When it comes to guitar tone I haven't tried every piece of gear in the world, but I have tried just about every approach. Guitar straight into the amp; pedals into clean amps; switching between multiple amps; amps with multiple channels; MIDI-controlled rack systems; digital modeling - whatever it is, I've used it at some point in my playing life. They all have advantages and disadvantages, and you have to choose the one that makes the most sense for your playing.
My favorite approach for several years is decidedly old school: Take a good, simple tube amp (preferably without a master volume) and just crank it up until it gets a nice, crunchy overdrive sound. Which for me, is somewhere between Keith Richards and Malcolm Young in terms of general tonality and overdrive level. Probably a bit more on the Malcolm side of things. That means somewhere between 10:00 and 2:00 on the volume, which is loud. But that's where the magic happens with tubes. If I'm not turning up to at least 10:00, then honestly I just could just as easily do with a solid state amp because tubes don't give up the glory until pushed.
A big part of my preference for this approach comes from the guitar sounds that inspired me as a kid. All that '60s and '70s rock - the Beatles, the Who, Hendrix, Clapton, the Stones, Led Zeppelin, Mountain, the Allman Brothers, AC/DC, Tom Petty, Queen, Van Halen - all that music was made by setting tube amps to stun. Distortion pedals, master volumes, digital modeling - they're all useful (maybe even required) for certain situations, but in the end, they're all imitations of cranked tube amp tone. And in my opinion, there's still nothing like the real deal.
There's an incredble visceral feeling playing a cranked amp teetering on the edge of chaos. Picking lightly gives you a clean but simmering sound, and laying into it makes it scream. Best of all you can get any variation in between those two by altering your picking attack. That tactile response gives you wonderful real-time control over your sound and you can exploit that not only for different sections of a song, but also within individual phrases. That control causes me to pay a lot more attention to playing dynamics and that in turn makes my playing more expressive. You can also roll back the volume a little on the guitar to clean up the sound. Or you can activate a booster pedal (typically an overdrive pedal set up with minimal drive and an output level somewhere above unity gain) to get more sustain, volume, and saturation when you need it, like for a wailing solo. Putting an overdrive (one that's actually set up with some gain) or a fuzz pedal in front can send it over the top in a good way. In fact, I very much like the sound of stacked distortion devices so that's another advantage.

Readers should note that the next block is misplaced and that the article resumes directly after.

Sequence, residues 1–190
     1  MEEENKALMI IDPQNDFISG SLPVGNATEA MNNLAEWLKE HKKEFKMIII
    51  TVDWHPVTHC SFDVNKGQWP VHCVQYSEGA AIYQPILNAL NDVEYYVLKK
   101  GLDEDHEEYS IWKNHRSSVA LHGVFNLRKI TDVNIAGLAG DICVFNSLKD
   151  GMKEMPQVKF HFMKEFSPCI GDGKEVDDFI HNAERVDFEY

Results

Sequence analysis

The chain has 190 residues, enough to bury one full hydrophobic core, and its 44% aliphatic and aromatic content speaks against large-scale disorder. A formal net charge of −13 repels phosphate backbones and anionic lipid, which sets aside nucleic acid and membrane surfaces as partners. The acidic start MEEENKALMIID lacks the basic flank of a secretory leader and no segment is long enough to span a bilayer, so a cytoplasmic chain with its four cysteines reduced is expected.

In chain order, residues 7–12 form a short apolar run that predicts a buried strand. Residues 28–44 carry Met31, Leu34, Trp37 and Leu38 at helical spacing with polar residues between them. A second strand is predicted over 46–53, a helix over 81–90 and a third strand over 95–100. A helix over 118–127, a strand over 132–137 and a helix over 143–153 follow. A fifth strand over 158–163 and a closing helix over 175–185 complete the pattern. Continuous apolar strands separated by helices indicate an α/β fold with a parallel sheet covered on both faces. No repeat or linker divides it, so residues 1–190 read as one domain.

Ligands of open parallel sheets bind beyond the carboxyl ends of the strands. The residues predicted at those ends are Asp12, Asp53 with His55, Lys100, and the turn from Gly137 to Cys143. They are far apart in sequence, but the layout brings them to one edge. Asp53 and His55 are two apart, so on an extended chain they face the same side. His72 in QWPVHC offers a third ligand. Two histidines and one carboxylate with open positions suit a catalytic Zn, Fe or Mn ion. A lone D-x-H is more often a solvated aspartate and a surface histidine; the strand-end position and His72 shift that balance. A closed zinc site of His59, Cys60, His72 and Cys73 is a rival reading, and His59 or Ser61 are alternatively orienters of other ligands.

I call this approach "The Nudge" because really what you're doing is optimizing around one good sound, and then nudging the amp a bit in different directions to get variations on that sound. All the variations sound great because they're based on a great fundamental tone. And they're instantly accessible and continuously variable - no channel switching required (although you can make a valid argument that hitting a boost pedal is the equivalent).
The downside of this is volume. Even a 15 watt amp is quite loud when turned up. And it's even worse in today's world because there's a lot less tolerance for high volume at gigging venues then there used to be. And as a guitarist you have to deal with it. If you blast overly loud at a gig, I can promise you that you won't be playing at that venue much anymore (unless you're really drawing a huge audience, but that's another post for another day).
I use a variety of things to deal with the volume issue. My go-to amp has a half power switch that cuts the power down from 30 to 15 watts, so first I'll engage that. If that's not enough - and it usually isn't - I'll use an attenuator (in my case a Trainwreck/Kendrick Air Brake). These things aren't perfect but I find that I can knock the volume down with an attenuator 3 to 12db without neutering the tone too badly. If that's not enough, my amp also has a defeatable master volume that I'll engage to get a few more db's of reduction, but that's my last resort. If I can't get it to a reasonable volume for the gig using those things, then I'll fall back to setting the amp up for a good clean tone and using pedals for my dirty sounds.